5. Free Ad Blocking Tools: Finally, if a user is so frustrated by ads that they are considering paying to block some of them, they can also download any of dozens of ad blocking tools for free and never deal with them again. While that may be considered unethical, ethics have not stopped millions from doing exactly that.

But all of that being said, Google Contributor is still likely a good idea for webmasters when they are able to sign up, especially those who only use Google ads.

The reason is simple. Every dollar earned from this program is a dollar that wouldn’t have been earned any other way and the revenue from this will, most likely, outpace the revenue that would been obtained from running ads.

So, even if only a handful of visitors participate, it can still help pad the advertising bottom line a little bit and in a way that doesn’t require significant changes or effort.

In short, while it’s not likely that this service will take off in its current form, it’s still a chance to earn a bit more revenue and get a few dollars that were not available before.

Bottom Line

For consumers, the benefit of Google Contributor is likely limited. Their contribution means that they will see thank you notes replace ads only on Google ads among participating sites. No ads are removed from non-participating sites and the ads themselves aren’t actually blocked, but rather, are replaced.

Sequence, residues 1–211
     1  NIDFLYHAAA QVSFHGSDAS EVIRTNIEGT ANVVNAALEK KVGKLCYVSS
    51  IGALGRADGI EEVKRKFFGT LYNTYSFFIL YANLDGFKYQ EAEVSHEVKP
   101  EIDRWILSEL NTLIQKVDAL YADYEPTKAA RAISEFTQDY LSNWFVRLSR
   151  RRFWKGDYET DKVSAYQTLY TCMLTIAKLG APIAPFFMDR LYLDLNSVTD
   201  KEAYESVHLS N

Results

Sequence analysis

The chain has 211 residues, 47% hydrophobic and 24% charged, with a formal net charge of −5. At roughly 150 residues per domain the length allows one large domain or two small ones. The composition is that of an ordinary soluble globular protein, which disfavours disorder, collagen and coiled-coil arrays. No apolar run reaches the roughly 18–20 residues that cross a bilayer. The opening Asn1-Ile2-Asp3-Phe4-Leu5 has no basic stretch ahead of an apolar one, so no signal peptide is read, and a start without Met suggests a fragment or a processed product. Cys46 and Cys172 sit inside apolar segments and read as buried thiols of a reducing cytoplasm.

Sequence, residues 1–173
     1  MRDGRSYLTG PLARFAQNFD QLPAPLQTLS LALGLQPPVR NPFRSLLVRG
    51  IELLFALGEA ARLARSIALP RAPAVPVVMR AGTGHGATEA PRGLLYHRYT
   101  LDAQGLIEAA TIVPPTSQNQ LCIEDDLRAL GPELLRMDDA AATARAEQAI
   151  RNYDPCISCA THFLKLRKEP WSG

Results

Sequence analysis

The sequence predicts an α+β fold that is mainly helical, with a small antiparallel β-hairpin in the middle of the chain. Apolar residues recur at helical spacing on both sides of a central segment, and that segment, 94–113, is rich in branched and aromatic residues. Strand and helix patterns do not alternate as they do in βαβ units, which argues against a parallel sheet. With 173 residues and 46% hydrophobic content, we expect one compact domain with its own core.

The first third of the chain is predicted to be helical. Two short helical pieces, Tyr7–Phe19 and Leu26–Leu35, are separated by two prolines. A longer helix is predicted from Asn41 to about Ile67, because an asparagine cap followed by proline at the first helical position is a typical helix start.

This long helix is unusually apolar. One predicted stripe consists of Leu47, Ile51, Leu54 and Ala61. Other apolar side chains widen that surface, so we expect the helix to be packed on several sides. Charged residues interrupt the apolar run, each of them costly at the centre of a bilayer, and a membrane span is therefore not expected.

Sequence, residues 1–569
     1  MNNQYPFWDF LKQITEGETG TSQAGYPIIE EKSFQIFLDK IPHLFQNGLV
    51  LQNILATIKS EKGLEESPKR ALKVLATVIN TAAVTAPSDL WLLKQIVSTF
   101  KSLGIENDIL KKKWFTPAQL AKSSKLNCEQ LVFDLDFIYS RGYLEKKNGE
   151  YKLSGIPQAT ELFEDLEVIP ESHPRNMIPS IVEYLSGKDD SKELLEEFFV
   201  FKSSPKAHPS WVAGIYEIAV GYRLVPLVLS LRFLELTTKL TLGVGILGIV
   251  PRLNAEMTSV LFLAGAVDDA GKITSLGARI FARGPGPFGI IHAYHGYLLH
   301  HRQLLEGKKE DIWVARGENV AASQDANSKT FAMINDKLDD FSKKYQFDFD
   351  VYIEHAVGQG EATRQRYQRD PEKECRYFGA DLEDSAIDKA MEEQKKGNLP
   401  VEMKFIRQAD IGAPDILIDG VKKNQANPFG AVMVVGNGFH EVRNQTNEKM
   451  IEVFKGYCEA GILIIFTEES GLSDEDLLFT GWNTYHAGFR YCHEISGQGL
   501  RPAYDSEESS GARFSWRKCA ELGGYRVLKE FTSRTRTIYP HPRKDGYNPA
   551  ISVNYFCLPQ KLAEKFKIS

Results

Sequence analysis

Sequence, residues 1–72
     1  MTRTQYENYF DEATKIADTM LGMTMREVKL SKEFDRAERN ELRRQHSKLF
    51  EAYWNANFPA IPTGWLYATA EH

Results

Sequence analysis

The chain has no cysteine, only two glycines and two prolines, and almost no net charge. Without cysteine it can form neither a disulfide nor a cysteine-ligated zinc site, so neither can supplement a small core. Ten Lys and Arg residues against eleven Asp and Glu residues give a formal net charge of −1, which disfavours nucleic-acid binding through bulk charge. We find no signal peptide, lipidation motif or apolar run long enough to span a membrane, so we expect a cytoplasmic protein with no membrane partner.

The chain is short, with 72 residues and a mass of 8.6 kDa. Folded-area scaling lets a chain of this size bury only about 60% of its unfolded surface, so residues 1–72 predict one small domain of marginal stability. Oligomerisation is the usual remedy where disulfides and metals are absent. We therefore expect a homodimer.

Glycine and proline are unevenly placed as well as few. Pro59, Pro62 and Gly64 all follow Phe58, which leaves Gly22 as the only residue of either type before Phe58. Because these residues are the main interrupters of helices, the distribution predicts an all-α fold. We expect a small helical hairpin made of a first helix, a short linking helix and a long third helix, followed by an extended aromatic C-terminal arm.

While $3 per month is not a lot, it doesn’t buy a great deal either.

For webmasters it is a slightly better deal. The revenue is likely greater than what they could obtain from advertising normally, but transparency issues do cast some doubt on that.

For most sites, if you are wanting to offer paid ad blocking as a feature to your viewers, it is probably best to go it alone, especially if you have a very loyal readership. You can provide a more complete solution and not share your revenue with other sites.

That being said, one can always follow in Imgur’s and offer this alongside a standalone ad blocking or pro account feature. The two are not mutually exclusive and, as I said above, every dollar earned from this is a dollar that would have been missed otherwise.

Even if it isn’t much, every little bit helps.